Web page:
Rosenberg, Eugene, and Ilana Zilber-Rosenberg. 2016. “Microbes drive evolution of animals and plants: The hologenome concept.” MBio 7 (2): Web.

Hadfield, Michael G., and Thomas CG Bosch. 2020. “Cellular dialogues between hosts and microbial symbionts: Generalities emerging.” In cellular dialogues in the holobiont, 287–290. CRC Press.

Bachmann, Radu, Daniel Leonard, Nathalie Delzenne, Alex Kartheuser, and Patrice D Cani. 2017. “Novel insight into the role of microbiota in colorectal surgery.” Gut 66 (4): 738–49.

Casadevall, Arturo, and Liise-anne Pirofski. 2014. “Microbiology: Ditch the term pathogen.” Nature 516 (7530): 165–66.

The Right-to-Work Laws In The US

The right-to-work law is a central provision that gives employees the freedom to choose whether to join a workers union or not. As such, under this law, employees have some freedom at the workplace, even in a unionized environment, to decide whether to pay union dues for representation. The debate on this law has intensified in the recent past due to the dynamic nature of the business world across the globe. This paper will explore the history of “Right to Work laws”, the views of its proponents and opponents, and the implication of these laws to the future of the American nation.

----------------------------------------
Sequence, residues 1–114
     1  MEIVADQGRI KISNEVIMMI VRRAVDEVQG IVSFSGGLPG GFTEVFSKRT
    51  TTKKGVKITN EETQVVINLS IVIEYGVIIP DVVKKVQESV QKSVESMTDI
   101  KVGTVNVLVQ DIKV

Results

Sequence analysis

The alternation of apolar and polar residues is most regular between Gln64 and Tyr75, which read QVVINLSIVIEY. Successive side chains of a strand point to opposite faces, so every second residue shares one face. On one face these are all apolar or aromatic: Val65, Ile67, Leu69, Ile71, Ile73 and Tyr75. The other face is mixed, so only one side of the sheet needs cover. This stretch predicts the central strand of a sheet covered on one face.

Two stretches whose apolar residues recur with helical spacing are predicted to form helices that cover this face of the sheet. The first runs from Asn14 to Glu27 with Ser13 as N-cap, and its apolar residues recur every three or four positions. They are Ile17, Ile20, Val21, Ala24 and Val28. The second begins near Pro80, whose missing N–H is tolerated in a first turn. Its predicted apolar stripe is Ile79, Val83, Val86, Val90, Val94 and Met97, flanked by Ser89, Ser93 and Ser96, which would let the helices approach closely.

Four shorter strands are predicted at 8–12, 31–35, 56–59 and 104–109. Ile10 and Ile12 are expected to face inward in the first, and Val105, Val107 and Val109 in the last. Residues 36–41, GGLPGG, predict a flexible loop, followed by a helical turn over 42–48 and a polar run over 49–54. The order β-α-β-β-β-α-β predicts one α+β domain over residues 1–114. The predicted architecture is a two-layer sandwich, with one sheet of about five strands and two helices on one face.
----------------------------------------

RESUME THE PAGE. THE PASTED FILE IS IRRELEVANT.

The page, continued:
The Right-to-Work Debate

The history of the right-to-work laws dates back to the colonial and revolutionary period in the US, during which most Americans practiced agriculture. The number of laborers, which included artisans, apprenticed servants, and slaves, had increased significantly. The major cities of Philadelphia, New York, and Boston harbored most laborers who agitated against poor working conditions and low wages (Anderson, 2015). During the industrial revolution, a substantive increase in laborers’ number was witnessed because many Americans transitioned from agricultural to industrial jobs. In the late 19th century, unions such as the National labor union and Knights of labor were formed. However, the organized labor movements received some public resistance when a Chicago police officer died in an explosion after one of the striking laborers threw a dynamite stick.